I had a professor in college once tell me that John Milton was the most humorless poet he knew of. He could be warm and ironic, but he never joked-- he was up to something too serious for that. You could say the same of James Blake, whose new album Overgrown was released this week. It's the second LP from the 24-year-old British musician who has more than twice that many EPs to his name. Blake seems to have backed into music production with the same diffidence with which he's embraced singing, his first album a groundwork of tightly-focused electronic recordings that were generically referred to as post-dubstep. Critics and fans still bicker over that classification, while Blake himself has gently evaded it, especially as his textured, sample-heavy music made room for austere piano ballads and torch songs. Overgrown is as cool-headed and vocally driven as Blake's self-titled 2011 debut or the even quieter EP that followed it, 2012's Enough Thunder. But if Blake hardly seems to break a sweat across his 10 new tracks, he doesn't seem ready to crack a smile either.
That's not such a bad thing-- Blake's music can feel like an emotional Rubik's cube, monochromatically melancholy, but constantly searching for a way out, or a way to let someone else in. "I don't know about my love," he sang on "The Wilhelm Scream," "All that I know is I'm turning, turning, turning, turning." If that made for a rather cerebral kind of emotionalism, it was often a little abstracted, and otherwise personal lyrics (like "My brother and my sister don't speak to me / but I don't blame them" in "I Never Learnt to Share") could flatten out under song structures based in repetition. On "I Mind," for instance, Blake chanted those two syllables the way kids throw pebbles into water to watch it ripple. It's intriguing, but you don't stop to consider what it is that he minds, and you don't necessarily care that you don't.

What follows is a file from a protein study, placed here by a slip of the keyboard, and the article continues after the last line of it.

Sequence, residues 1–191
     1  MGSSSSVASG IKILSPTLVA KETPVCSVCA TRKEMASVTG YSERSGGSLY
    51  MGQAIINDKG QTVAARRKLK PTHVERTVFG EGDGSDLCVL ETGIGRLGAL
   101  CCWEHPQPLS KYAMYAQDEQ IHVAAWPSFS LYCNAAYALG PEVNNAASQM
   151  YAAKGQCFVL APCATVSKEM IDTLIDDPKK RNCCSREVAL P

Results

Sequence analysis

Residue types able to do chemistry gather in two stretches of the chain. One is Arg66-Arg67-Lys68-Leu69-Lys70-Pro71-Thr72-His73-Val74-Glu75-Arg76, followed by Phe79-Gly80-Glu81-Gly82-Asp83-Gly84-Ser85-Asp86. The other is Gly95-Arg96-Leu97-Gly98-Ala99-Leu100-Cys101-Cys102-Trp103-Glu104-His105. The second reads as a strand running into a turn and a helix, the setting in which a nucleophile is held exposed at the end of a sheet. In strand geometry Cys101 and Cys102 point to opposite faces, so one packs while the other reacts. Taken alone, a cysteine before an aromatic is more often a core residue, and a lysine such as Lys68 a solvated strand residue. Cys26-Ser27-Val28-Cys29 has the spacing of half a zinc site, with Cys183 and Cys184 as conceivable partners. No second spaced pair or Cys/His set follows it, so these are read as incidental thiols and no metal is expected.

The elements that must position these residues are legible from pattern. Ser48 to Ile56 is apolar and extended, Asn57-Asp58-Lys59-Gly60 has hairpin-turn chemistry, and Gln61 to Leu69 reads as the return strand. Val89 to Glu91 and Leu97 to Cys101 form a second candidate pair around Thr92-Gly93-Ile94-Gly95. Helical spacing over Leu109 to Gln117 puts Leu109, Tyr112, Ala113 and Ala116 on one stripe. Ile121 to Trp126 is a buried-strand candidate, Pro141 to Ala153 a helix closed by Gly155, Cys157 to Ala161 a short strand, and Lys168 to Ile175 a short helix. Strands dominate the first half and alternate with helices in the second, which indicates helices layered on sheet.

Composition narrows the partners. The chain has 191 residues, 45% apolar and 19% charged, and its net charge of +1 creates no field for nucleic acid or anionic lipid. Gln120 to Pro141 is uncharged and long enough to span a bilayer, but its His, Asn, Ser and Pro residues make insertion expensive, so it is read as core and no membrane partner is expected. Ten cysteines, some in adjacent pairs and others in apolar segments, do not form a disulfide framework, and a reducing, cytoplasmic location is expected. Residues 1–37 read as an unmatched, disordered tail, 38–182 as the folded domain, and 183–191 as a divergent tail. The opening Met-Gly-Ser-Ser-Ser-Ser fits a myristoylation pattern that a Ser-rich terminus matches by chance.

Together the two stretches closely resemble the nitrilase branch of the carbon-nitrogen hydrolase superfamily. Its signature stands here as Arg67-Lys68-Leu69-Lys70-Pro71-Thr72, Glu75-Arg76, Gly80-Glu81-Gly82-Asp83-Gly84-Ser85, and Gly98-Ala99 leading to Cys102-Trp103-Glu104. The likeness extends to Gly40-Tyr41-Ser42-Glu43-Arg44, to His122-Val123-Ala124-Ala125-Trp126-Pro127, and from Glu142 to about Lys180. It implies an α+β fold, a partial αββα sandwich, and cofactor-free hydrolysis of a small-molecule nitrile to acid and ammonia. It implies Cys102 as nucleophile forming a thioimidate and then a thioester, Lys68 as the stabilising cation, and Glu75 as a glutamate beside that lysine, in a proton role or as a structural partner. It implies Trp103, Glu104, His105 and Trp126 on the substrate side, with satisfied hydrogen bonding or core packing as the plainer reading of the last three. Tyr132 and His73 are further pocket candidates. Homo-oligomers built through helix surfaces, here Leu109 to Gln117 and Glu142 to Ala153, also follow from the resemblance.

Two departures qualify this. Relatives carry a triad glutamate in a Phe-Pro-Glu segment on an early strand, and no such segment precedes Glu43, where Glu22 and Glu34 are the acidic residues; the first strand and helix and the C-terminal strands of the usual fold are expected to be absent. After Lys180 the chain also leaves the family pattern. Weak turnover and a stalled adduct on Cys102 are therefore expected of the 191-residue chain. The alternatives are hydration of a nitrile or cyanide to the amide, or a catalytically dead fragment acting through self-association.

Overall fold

Overgrown generally has less formal experimentation, leaving more room for a narrative impulse. Don't hold your breath for Blake to write a latter-day "Hurricane," but the snatches of detail that do turn up can't help but catch your eye. "Take a Fall for Me" features rap verses by the Wu-Tang Clan's RZA recounting "candlelight dinners and fish 'n' chips with vinegar, with a glass of cold stout or wine or something similar [...] strong pheromones and cologne [...] the stench of her." Of course, these are RZA's lines, not Blake's, but the song is distinct from other high-profile collaborations like last year's "Fall Creek Choir Boys," where Blake and Bon Iver's Justin Vernon laid complementary vocals on top of each other, effectively sharing a lyrical "I." Here, Blake's voice can only be heard delivering short refrains like a one-man Greek chorus-- "take a fall for me" and "you can't marry her yet"-- but they're addressed to someone else who's present and probably listening. In what might be a first for Blake, there's sociability, and even sympathy, in loneliness.